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January 2024

Hyper-tech cars under the lens of the European Union

Paola Zaccheroni

In defence of workshops, independent operators and consumer choice
On October 5th, the European Court of Justice made it clear that car manufacturers must give all repairers access to vehicle data: independent car mechanics, tyre specialists and body repairers have the right to use the information needed to diagnose, maintain and repair a car, under the same conditions as garages directly linked to car manufacturers. In mid-November 2023, the same court ruled that car manufacturers cannot refuse to provide car repairers (e.g. spare parts dealers) with the VIN number and all technical information of a specific vehicle in a format that can be processed by a computer. Meanwhile, a proposal for a regulation for the automotive sector concerning access to and use of vehicle-generated data is under consideration by European Commission President Von der Leyen.

What do these initiatives have in common and why the buzz? What is at stake that can fall back on independent mechanics and car owners? To put it bluntly: the acceleration of technology, especially in the IT sector, has created gaps - in the law, in politics - where those who are stronger can create business opportunities for themselves, even at the expense of the more vulnerable such as small business owners and consumers. The car repair sector is no exception. Since the European Commission’s primary role is to guarantee competition and the free market, this is the starting point for regulating the behaviour of all players.
However, alarm bells went off at grassroots level, in garages and independent operators in the automotive repair market. These businesses have finding it increasingly difficult and costly to obtain essential data from manufacturers in order to provide adequate services, and their chances of competing in the market were being dangerously eroded. The national associations of the independent aftermarket have taken up the call and passed it on to the European federations and inter-federation alliances (such as AFCAR.EU), which have made their voices heard loud and clear in Europe, for example at a press conference on 19th January, where they stated unequivocally that the Commission's regulatory inertia is harming consumer welfare and innovation in digital services for connected vehicles.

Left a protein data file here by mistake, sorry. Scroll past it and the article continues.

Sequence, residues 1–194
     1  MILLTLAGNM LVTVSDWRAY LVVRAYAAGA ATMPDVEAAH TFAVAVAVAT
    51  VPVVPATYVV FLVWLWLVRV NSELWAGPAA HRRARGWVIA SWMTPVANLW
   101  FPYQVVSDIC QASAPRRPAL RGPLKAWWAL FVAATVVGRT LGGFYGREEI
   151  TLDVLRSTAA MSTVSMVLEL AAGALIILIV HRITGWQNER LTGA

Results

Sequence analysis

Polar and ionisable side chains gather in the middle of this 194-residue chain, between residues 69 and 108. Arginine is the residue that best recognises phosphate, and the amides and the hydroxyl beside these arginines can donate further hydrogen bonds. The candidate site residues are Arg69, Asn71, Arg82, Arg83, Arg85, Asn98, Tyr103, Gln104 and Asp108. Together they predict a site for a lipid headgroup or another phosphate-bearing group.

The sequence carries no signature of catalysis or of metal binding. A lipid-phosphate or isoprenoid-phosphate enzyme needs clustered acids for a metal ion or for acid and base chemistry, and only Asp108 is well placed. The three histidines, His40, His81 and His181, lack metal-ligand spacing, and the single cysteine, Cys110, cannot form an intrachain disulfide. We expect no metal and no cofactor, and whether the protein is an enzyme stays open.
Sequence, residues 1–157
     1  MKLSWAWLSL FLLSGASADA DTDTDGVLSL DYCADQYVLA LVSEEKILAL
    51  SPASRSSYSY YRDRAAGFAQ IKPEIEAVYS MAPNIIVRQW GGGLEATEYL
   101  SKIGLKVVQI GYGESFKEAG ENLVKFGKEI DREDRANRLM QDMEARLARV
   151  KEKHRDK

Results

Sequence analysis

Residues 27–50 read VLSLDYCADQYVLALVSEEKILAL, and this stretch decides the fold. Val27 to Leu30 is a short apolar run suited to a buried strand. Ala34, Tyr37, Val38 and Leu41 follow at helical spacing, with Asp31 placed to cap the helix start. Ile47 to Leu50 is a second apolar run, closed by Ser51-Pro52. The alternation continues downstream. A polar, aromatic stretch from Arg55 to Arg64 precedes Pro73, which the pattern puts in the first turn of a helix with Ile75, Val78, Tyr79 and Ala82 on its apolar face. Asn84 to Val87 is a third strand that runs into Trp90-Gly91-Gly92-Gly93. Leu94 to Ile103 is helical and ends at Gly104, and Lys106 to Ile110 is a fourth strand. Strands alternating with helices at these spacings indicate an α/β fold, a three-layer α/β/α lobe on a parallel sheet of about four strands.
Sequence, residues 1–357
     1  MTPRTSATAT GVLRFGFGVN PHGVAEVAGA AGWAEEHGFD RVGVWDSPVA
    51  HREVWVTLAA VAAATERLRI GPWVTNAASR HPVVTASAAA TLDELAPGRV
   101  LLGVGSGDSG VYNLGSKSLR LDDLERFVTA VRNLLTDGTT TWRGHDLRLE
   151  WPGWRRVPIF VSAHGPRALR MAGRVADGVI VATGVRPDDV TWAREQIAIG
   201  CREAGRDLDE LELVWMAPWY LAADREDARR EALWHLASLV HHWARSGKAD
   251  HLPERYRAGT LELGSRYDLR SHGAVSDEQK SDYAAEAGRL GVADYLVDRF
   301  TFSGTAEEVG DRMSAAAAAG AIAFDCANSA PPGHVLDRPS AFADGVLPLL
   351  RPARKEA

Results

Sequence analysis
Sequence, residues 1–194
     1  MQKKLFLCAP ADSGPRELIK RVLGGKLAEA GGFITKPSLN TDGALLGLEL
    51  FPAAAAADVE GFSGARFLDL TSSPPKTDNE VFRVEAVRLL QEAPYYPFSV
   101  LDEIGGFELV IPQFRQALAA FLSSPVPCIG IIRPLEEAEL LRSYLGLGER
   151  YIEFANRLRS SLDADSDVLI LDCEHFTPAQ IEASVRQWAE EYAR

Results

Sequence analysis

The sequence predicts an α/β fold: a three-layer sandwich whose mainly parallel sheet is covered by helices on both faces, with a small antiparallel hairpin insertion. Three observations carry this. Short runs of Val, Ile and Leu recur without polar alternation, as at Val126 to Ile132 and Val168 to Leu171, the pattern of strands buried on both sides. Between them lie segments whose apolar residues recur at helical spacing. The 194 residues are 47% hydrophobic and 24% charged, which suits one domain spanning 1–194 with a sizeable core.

There is still a long and bumpy road ahead, since the rulings and regulations have to be implemented in each EU Country. In Italy, for instance, associations such as ADIRA, which defends the interests of independent spare parts distributors; AICA, which represents garage equipment manufacturers; Tekné for ADPA, the association of data publishers; CNA AUTORIPARAZIONE, representing workshops, are watching over this. These are allied in AFCAR Italia (the recently established Italian associations network which aims to protect the freedom of car repairer in Italy), and further supported by others such as ANIASA, which represents car rental companies and mobility software houses; Assogomma, the confederation of the rubber plastic industry; Federpneus, the national association of tyre specialists.

These organisations protect an extensive economic system that is deeply rooted in Italian society, and they are well aware of the risks associated with the increasing digitisation and connectivity of cars. On 15 January, these associations sent a letter to the Undersecretary of State for Technological Innovation Alessio Butti and the Deputy Minister for Infrastructure and Transport Galeazzo Bignami, asking them to support the legislative process of the sector regulation at the European Commission, which has been delayed, one suspects, by attacks from car manufacturers.

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